This article was originally published in The Notebook. In August 2020, The Notebook became Chalkbeat Philadelphia.
There has been a lot of talk recently about how to improve teaching quality and ensure equitable distribution of qualified teachers in Philadelphia.
The issue is hot right now for good reasons: the PFT contract negotiations are getting contentious and group of community organizations have created a Teaching Quality and Equity Platform.
Every four years when the PFT contract is being negotiated the same thing happens: people start lining up and taking sides and it always seems like the only choice is to be on the District’s side or the teachers’ side. It’s hard to find a third position since the negotiations happen in private with no real way for the students, parents, and community members who are also greatly impacted by these decisions to be at the table.
There are some serious issues that need attention. High poverty schools still have the least experienced teachers and the highest rates of teacher turnover. If we are serious about improving failing schools this has to be addressed.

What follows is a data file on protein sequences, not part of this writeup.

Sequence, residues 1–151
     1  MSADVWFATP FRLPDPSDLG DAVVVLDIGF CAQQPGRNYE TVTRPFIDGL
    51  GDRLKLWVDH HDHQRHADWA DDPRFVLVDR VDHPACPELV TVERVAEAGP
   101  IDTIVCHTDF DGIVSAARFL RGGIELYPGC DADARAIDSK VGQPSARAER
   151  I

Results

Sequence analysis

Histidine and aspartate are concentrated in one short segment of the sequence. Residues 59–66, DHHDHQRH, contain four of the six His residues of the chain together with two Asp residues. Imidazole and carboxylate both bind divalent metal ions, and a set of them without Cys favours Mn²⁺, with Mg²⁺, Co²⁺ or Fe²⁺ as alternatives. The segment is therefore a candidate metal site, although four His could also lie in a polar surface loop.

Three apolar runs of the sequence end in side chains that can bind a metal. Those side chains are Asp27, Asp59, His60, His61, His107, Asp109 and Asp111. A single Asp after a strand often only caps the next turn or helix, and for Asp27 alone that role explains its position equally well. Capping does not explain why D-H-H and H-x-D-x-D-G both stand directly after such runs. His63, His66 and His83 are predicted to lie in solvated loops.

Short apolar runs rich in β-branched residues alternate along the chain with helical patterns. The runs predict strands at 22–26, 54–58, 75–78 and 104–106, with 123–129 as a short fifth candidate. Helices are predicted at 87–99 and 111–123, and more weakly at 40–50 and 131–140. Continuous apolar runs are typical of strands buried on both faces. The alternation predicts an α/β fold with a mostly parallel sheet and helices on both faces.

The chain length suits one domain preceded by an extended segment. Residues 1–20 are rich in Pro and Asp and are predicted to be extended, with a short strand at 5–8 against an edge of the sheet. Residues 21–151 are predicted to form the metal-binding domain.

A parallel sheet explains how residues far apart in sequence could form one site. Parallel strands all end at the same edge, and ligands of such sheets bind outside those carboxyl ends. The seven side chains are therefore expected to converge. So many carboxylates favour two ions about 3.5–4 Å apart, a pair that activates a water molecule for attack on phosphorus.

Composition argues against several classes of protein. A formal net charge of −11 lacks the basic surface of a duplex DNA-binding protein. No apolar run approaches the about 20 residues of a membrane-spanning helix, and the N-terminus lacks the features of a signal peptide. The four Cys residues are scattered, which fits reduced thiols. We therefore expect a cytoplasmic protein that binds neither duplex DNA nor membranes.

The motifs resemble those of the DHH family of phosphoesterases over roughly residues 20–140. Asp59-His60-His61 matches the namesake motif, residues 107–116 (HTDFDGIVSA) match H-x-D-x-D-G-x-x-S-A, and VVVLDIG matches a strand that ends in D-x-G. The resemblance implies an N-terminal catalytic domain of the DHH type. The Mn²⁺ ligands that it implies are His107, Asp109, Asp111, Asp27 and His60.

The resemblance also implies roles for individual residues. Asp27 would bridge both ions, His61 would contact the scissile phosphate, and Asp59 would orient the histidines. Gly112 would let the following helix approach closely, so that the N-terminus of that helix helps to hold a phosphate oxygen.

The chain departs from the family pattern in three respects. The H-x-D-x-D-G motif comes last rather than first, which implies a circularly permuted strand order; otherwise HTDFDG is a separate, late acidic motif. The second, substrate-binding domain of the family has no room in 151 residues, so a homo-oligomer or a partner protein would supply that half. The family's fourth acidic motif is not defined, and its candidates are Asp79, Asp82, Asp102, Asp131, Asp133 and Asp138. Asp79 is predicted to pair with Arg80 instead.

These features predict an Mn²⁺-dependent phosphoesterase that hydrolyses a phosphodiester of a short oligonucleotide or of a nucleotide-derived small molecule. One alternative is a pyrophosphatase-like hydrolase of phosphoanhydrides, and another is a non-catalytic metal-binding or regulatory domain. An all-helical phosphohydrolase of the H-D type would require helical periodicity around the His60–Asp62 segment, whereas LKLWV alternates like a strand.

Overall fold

It seems like most of the time that this issue gets discussed (even occasionally on this blog) the conversation breaks down into different sides with entrenched positions blaming each other for the problems. The result of the official negotiations is usually some kind of compromise where no one (not teachers, not the District, and certainly not the students in high poverty schools) really gets what they need.
I think we have to find a way to get beyond blame, build some trust, and have some real conversations about how to solve these problems. If the PFT and the District can’t have that kind of open productive dialogue, maybe some us should start and show them how.
I think both traditional “sides” make some good points. On the one hand, I agree that the seniority system ensures that schools in wealthier neighborhoods have more experienced teachers and I think school-based hiring is necessary to improve schools. On the other hand, I agree with many teachers the best way to attract teachers to hard-to-staff schools is to improve working conditions and hire principals that work collaboratively with teachers.
So my question is how do we get beyond blame and open up real dialogue to solve these important issues?